Again, just because someone really, really, really loves a movie doesn't mean they're wrong for lavishing praise upon it, nor does it mean someone's bribing them to do so (I constantly praise ULTRAMAN THE NEXT to my friends, for example, and I've yet to get a check from TPC... :( ). If they really like it that much, more power to them!
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Postby MouthForWar » Thu Dec 28, 2006 9:55 pm

kiryugoji04 wrote:
rackmount wrote:I never said I hated it. In fact I said I liked it but it has wasn't a "masterpiece". And it's overly hyped reviews are not completely accurate and will set some people up for disappointment.
Count me as one of those people who was set up.


Hello! Have you ever considered that not everyone shares your opinion? Some people worship Monty Python and the Holy Grail and others think it's complete crap. The same applies for movies like Napolean Dynamite (:puke:), Godzilla Final Wars, and it applies here too.

(Note: I love how you talk like you've seen the entire film and you've only seen 4 minutes on youtube. That's been covered before but I had to mention it again, for it amuses me so! :lol: )


Ha ha, I agree. That's the funniest thing about this whole thread. :lol:
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Postby Chop Top » Sat Dec 30, 2006 2:48 am

I just watched the trailer. Worst movie I've ever seen!
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Postby emeGoji » Sat Dec 30, 2006 2:52 am

Chop Top wrote:I just watched the trailer. Worst movie I've ever seen!


:lol:
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Postby Benjamin Haines » Sat Dec 30, 2006 3:02 am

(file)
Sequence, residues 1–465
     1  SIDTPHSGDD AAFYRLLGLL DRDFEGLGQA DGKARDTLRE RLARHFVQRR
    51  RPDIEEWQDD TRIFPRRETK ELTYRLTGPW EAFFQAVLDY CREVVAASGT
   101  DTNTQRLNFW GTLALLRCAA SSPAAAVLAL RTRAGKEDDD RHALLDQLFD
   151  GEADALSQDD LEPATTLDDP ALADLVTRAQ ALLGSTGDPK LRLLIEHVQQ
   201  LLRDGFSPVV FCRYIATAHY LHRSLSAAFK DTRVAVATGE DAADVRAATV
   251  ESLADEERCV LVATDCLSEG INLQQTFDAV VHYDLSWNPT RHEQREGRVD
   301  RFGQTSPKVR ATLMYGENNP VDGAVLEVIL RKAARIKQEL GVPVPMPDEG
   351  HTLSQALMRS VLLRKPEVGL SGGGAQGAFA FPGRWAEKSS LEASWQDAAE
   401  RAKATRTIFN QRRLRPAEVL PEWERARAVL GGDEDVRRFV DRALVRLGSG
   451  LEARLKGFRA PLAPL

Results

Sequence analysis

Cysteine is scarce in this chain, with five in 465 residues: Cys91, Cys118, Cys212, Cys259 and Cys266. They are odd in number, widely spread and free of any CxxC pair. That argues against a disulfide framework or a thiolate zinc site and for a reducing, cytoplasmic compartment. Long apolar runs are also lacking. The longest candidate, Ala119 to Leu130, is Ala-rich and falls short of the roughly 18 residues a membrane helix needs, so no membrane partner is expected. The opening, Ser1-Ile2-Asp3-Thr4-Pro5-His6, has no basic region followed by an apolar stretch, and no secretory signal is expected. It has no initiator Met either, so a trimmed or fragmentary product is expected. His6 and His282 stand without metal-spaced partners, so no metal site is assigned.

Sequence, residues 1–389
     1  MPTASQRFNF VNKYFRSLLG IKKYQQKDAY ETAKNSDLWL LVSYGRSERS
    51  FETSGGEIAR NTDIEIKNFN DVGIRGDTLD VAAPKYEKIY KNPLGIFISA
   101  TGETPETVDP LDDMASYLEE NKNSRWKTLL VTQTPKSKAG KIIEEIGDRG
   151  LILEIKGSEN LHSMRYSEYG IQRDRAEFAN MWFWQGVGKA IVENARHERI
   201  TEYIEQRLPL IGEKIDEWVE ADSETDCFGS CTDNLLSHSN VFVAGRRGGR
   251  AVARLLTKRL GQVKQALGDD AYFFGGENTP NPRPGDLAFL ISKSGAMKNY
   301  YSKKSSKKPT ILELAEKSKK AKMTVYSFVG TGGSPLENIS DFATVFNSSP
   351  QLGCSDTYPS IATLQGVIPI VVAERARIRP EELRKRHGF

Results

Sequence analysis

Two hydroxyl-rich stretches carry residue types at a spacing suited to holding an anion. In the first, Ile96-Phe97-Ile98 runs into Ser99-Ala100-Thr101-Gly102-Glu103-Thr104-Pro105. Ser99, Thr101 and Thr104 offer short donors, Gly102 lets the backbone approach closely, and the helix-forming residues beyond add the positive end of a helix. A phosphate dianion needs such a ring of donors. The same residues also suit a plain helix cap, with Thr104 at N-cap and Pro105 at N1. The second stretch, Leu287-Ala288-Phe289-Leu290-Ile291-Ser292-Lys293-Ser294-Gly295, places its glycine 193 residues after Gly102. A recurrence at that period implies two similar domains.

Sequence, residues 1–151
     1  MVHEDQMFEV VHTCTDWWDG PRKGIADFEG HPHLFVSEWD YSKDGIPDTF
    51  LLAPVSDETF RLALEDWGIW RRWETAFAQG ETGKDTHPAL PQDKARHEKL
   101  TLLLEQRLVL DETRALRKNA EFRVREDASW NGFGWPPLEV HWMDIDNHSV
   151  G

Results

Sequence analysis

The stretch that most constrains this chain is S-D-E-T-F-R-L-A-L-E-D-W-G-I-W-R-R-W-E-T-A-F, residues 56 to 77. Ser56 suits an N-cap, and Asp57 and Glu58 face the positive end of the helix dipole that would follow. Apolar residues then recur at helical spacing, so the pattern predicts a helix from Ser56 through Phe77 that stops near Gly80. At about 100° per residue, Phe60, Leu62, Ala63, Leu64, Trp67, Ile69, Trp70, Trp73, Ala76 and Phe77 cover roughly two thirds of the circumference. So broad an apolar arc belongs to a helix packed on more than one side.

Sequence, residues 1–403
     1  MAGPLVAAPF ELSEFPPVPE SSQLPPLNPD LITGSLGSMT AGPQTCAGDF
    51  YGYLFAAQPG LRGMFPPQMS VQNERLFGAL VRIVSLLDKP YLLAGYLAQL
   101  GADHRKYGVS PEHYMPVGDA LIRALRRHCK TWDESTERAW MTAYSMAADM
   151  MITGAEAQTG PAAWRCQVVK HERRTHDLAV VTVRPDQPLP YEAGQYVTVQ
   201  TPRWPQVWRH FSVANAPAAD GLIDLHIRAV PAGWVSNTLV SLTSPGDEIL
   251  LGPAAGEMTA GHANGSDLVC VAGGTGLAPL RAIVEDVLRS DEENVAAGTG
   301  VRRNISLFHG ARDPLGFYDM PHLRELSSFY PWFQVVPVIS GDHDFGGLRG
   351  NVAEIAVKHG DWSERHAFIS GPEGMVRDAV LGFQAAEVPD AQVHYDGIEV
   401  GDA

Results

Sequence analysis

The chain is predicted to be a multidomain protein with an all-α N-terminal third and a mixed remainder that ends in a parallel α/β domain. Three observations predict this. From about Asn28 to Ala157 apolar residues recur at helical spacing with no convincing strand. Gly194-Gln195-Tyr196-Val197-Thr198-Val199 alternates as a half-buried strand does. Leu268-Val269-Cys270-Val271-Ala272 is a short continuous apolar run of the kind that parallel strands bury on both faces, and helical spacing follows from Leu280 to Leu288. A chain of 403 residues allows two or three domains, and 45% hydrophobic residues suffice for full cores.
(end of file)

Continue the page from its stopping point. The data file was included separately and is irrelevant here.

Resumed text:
kiryugoji04 wrote:I constantly praise ULTRAMAN THE NEXT to my friends, for example, and I've yet to get a check from TPC... :(


Try contacting Chaiyo. You might be able to work something out with them.
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Postby sachiel » Sat Dec 30, 2006 3:41 am

Jack B wrote:
Chop Top wrote:I just watched the trailer. Worst movie I've ever seen!


:lol:



Its true though. I thought that the original korean trailer for The Host
was one of the worst I have ever seen. Many awkward cut scenes and melodramatic music in the background.

The trailer doesn't seem to communicate to the audience a certain reason or need to see the film. Sometimes first impressions are everything.

Disappointed with the trailer, but the actual movie rocks! 8-)
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sachiel
Heisei Godzilla
 
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Postby Chop Top » Sat Dec 30, 2006 2:46 pm

Benjamin Haines wrote:
kiryugoji04 wrote:I constantly praise ULTRAMAN THE NEXT to my friends, for example, and I've yet to get a check from TPC... :(


Try contacting Chaiyo. You might be able to work something out with them.

Hell, just claim you own the rights to it and start printing DVDs. Make your own money.
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Postby JordanGLC » Thu Jan 18, 2007 11:22 pm

There's a new US trailer. You can download it from comingsoon.net.

Focuses more on the characters rather than the creature, but worth a look. This will be showing in the Bay Area in March. Time for a little road trip.
Let those who worship evil's might, beware my power...

My Creature Features